Now, again, this is a theory. What do we do with theories? We hold loosely to theories, right? I'm not saying this is how it happened, but we have good evidence that this is how it might've happened. There are questions about what started this rapid subduction. And there's all kinds of theories on that. We can explore that maybe in another session as well, but there's evidence of rapid plate subduction under the continents.

Geologic Column

We're going to look at something called megasequences here in a moment, but there's a concept we really need to look at first, that I think needs looked at. There's a critical question we need to ask, and this has to do with the geologic column. So here's a simple representation of these layers. We looked at the picture at the beginning with all the different layers of that mountain. Well, if we're standing on top here on the green grass, literally underneath our feet is a graveyard of fossils, once-living things that were buried and became fossils. Now, according to traditional thinking about these long ages, each of these layers would have taken tens or hundreds of millions of years to accumulate.

We'll take the North American continent for example. Parts of it were underwater for millions of years. And then through tectonics, it raised up and dried. And then through millions of years, it subducted again, right? So geologists think the same way about the past, but they think it happened very slowly. Although today, we don't see subductions pulling continents down, allowing ocean waters to come on them. We don't see that. But that's supposed to be how it happened in the past- very, very slowly. And each of these fossils, we can see a progression, quote, unquote, from simple worms all the way up to dinosaurs and mammals, and then eventually us on top.

Now, these fossils, they enter and exit, this is kind of the wording that we needed to find, they enter the layers and they exit the layers. For example, dinosaurs were first seen, again, air quotes, 230 million years ago in the fossil layer. And the last time we see them, about 65 million years ago, there's still dinosaurs. So they enter the fossil record completely fully formed, and they exit the fossil record the same way, no change. And in fact, that's called stasis, this idea that things stay the same, if you want to think of it that way. That's a problem for evolution. If evolution is true, then these things were slowly changing into all these different life forms. We just don't see it in the fossil record. Darwin knew it during his day. 150 years later, we still have the same problem. No transitional species that I'm aware of.

The question I want to bring to the point here is, this represents 550 million years, supposedly, in earth's history. Now, again, if we look at the genealogies in Genesis and other places, the New Testament, we don't have 550 million years. We have about 6,000 years. But this is supposed to be 550 million years. However, the rate of erosion that takes place on the continents today would totally erase all of this in about 20 million years. Think about that. In 20 million years, this would be eroded down to base rock. Yet we're supposed to have 550 million years of history. How does that work? So does that makes sense? This is something that no one really addresses in any of the literature that I've read from any of the geologists.

At the current rate of erosion, now, geologists think that whatever's happening today is the same thing that's been happening for millions of years at the same rate. That's called uniformitarianism. Yeah, try saying that one five times. But if everything's happening today at the same rate, then all of those sedimentary layers that we have to see today would be totally wiped out in just 20 million years, but yet we're supposed to have 550 million years of history.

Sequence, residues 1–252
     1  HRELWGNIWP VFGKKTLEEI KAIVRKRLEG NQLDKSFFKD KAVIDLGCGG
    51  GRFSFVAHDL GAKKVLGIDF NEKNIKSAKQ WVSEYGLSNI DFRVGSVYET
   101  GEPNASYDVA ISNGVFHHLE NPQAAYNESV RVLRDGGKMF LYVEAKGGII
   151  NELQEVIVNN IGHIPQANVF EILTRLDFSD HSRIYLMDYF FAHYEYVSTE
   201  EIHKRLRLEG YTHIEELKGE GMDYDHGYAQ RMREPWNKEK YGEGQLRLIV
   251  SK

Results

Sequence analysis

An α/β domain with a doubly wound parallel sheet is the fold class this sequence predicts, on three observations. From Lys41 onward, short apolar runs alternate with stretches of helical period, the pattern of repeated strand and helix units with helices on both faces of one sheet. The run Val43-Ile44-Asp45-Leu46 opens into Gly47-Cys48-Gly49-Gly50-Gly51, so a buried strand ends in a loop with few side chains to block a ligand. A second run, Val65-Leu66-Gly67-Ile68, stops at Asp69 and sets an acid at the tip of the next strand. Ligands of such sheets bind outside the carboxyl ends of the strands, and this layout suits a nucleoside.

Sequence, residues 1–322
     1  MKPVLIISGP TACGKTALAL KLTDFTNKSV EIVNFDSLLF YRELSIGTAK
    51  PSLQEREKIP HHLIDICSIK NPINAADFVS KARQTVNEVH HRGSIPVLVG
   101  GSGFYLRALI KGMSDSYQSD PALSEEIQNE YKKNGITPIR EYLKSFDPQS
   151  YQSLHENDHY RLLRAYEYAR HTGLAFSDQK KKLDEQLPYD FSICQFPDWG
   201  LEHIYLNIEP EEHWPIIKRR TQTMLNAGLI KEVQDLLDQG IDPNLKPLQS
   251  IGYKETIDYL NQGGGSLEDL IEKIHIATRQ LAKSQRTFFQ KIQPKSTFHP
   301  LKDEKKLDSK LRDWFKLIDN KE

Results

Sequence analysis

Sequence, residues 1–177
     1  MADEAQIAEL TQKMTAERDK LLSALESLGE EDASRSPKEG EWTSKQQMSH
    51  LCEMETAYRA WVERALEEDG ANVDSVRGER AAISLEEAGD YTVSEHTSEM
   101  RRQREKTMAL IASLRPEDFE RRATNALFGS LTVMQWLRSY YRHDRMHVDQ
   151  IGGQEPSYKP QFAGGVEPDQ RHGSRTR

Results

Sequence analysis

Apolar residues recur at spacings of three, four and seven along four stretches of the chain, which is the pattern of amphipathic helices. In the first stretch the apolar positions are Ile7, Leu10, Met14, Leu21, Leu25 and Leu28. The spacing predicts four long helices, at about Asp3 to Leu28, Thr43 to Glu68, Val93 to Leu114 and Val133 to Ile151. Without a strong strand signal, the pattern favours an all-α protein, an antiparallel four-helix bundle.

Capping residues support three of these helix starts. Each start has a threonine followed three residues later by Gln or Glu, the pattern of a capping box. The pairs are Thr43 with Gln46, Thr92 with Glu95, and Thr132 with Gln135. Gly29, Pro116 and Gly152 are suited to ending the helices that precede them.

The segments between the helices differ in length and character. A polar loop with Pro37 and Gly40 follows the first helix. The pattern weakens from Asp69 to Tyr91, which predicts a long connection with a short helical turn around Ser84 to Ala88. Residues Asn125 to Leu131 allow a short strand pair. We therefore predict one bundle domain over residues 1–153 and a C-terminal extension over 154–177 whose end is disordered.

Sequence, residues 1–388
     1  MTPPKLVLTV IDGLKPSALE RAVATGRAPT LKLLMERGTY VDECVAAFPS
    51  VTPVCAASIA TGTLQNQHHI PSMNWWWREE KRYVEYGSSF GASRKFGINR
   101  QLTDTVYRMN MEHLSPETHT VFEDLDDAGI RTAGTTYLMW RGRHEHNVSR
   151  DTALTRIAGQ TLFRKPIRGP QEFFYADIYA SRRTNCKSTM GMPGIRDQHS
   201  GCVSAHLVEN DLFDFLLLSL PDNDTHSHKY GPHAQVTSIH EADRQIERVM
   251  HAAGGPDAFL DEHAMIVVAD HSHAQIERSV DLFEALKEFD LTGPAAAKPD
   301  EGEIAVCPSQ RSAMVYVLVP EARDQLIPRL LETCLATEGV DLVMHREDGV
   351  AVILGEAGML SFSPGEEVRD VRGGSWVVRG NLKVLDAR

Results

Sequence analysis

Fining Upward Sequences

Is there a better explanation? Well, obviously I don't think the layers are that old. I think they were laid down rapidly very recently. In order to show that, we'll look at one more point here on these layers. And that is something called fining upward sequences. Now, what's a sequence? So in geology, a sequence is a set of layers like this that were laid down at the same time. So yes, geologists do believe that some layers were laid down at the same time.

And the reason that they think this is when we look at the order, it's always the same. At the bottom of these layers, we're going to have larger, heavier particles. So I want you to think about this in terms of the flood. As those continents are being drug down and as those ocean basins are being pushed up, we have all this sediment washing over the continents. And all the sediment's mixed together. We've got large particles, we've got small particles, it's all there, all tumbled together. And when we have these currents rushing over, eventually they're going to slow down.

What happens when rushing water slows down? Well, heavy things start to drop out of them, don't they? The first thing that's going to drop out is the heavier particles, could be boulders, could be gravel, cobblestones, something like that. And this is called conglomerate rock. The next thing that's going to drop out are the sandstones because they're the next heavy element, right? We've already dropped out the big boulders, so as this rushing water slows down even more, now you're going to drop down the next heavy element, which is sandstone. It's going to be coarse to fine sandstone. Then ultimately you're going to get to shale, which is the mud clay, which is finer particles. The water slows down even more, you're going to get the carbonates last that drop out. This is where we get our limestones.

So a sequence is going to be a set of layers that are laid down at the same time with moving water, with the current. To be a sequence, also, you have to have erosional surfaces at the top and at the bottom.